By Jesse Recinos, Cakewalk
There are a number of DXi enhancements in SONAR 2.x and Home Studio 2004. Two of the biggest improvements are the Synth Rack and automation from the synth interface. Read the tech tip below to learn how to take advantage of these features.
SONAR 2.x and Home Studio 2004's new Synth Rack
SONAR has always been about enhanced workflow without sacrificing power. With the new Synth Rack view, you can easily insert instruments or ReWire devices into your project. SONAR and Home Studio will automatically create the host Audio and MIDI tracks for the instrument, assign the proper inputs/outputs, and link the Mute/Solo functions together.
SONAR 2.0's Synth Rack View
Now it's easy to view all of your DXi synthesizers at a glance along with their current presets. In addition, the Synth Rack gives you access to the advanced features of DXi 2 such as multiple outputs.
By clicking on the Options button you can configure the way that your DXi and ReWire devices are displayed and set up.
Synths written to the DXi 2 format and ReWire devices such as Cyclone and Reason can send information into SONAR and Home Studio using multiple outputs/tracks so that you can process different samples and instruments with different effects, all from one plug-in. With support for up to 64 individual outputs for a ReWire device, there's almost no limit to the depth of your production.
One instance of Cyclone using 16 individual outputs
Even with the exceptional optimization found in the DXi format, you can still sometimes get carried away with the number of synths and effects you try to use, which might push your CPU to the limit. Simply bounce down some synth tracks, then Bypass the DXi from the Synth Rack to reduce CPU overhead in your project. The Disconnect button in the Synth rack will turn red to remind you that the synth is offline.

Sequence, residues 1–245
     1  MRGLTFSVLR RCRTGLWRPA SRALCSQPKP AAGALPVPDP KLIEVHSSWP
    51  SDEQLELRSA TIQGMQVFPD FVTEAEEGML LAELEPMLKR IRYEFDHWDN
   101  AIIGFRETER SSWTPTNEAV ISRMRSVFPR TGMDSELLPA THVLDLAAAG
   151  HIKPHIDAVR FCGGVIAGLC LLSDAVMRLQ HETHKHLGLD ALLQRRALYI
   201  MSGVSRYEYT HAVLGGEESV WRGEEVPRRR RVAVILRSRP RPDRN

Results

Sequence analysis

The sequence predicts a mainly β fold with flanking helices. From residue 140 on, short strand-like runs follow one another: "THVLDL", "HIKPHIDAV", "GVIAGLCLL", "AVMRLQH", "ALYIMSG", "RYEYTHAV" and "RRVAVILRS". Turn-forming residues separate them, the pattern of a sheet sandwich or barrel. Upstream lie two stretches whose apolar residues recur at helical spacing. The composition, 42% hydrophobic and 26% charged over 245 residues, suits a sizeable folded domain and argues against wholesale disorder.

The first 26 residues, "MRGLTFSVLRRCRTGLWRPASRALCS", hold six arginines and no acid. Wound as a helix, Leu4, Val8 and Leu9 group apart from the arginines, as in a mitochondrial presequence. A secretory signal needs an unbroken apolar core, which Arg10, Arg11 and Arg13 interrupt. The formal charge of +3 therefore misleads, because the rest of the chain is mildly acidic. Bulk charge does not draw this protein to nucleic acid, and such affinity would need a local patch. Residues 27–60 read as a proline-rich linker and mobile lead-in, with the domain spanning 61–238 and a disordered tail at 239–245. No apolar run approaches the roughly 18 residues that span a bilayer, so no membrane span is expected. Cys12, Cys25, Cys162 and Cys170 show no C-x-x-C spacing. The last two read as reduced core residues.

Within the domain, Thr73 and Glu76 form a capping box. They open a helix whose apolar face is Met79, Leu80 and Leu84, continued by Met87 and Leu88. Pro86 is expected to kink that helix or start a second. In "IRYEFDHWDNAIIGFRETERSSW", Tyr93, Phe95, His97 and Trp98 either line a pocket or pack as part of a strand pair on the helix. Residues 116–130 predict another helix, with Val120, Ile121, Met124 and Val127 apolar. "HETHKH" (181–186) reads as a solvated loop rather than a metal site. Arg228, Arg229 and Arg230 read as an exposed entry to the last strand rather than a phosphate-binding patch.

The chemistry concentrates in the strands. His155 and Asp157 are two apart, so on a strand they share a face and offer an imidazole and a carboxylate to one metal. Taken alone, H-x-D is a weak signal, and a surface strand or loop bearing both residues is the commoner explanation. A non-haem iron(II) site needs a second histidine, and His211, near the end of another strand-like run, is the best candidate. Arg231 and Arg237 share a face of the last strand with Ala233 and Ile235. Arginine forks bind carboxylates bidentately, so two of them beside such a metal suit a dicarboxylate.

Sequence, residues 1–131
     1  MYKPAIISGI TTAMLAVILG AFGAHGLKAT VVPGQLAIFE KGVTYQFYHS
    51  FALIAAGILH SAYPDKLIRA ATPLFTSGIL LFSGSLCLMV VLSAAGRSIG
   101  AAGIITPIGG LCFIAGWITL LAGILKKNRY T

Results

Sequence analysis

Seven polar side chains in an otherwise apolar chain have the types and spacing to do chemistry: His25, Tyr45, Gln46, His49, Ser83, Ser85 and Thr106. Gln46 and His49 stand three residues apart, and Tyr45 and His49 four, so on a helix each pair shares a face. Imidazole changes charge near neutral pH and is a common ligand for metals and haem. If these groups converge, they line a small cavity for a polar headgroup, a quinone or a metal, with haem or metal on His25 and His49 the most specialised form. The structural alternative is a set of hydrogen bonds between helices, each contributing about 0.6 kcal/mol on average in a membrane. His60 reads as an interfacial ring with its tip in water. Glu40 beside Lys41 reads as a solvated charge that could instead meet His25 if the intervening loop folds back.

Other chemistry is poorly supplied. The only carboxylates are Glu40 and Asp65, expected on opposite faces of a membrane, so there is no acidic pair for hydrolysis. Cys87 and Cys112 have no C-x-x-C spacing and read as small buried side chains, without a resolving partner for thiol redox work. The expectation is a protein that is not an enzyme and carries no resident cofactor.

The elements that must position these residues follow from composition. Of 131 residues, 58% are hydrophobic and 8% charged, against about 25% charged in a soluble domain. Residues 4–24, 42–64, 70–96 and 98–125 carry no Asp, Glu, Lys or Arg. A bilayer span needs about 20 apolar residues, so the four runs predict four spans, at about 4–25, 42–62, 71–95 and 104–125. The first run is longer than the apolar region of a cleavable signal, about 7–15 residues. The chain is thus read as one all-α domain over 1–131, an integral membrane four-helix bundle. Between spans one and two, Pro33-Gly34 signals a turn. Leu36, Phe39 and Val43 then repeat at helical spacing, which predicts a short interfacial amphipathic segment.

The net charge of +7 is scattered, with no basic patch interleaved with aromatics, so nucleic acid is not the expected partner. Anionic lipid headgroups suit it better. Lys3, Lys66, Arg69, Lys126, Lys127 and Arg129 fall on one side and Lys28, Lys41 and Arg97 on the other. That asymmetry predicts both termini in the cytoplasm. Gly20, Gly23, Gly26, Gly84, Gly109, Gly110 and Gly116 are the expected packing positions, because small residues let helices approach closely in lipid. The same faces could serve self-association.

using the synth interface
Another great new feature in SONAR 2.x and Home Studio 2004 is the ability to automate DXi parameters on the fly from the synth's UI (user interface). Twist a knob in real-time and SONAR and Home Studio will record and play back all of your tweaks. Lets take a look at how easy it is using the DreamStation 2.0 DXi found in SONAR 2.0 and Home Studio 2004.
First, we’ll add DreamStation to our project by using the Synth Rack. Once the MIDI and Audio tracks have been added, record or copy and paste some MIDI data. In this instance I’ve copied in a funky bass line with a Synth Bass preset.
DreamStation will send out its controller data as MIDI, so you can record this automation to your existing MIDI Track. First, make sure to set the following options:
• In Options | Global | MIDI make sure that Echo DXi Input to All MIDI Tracks is checked.
• Transport | Record Options | Recording Mode should be set to Sound on Sound (Blend).
Now arm your MIDI Track, press Record and start adjusting the parameters. In this case I’m going to raise the Resonance and then lower the Cutoff for a classic analog filter sweep. When you’re done, you should see something resembling the following:
You’ll notice the automation recorded on the same track as the MIDI data. Of course, if you’d like to keep the automation and MIDI notes separate, you can record the automation to a different MIDI track instead. You can repeat this multiple times, recording a different parameter every time.
These are just a few of the really cool things that SONAR 2.x and Home Studio 2004 bring to the table.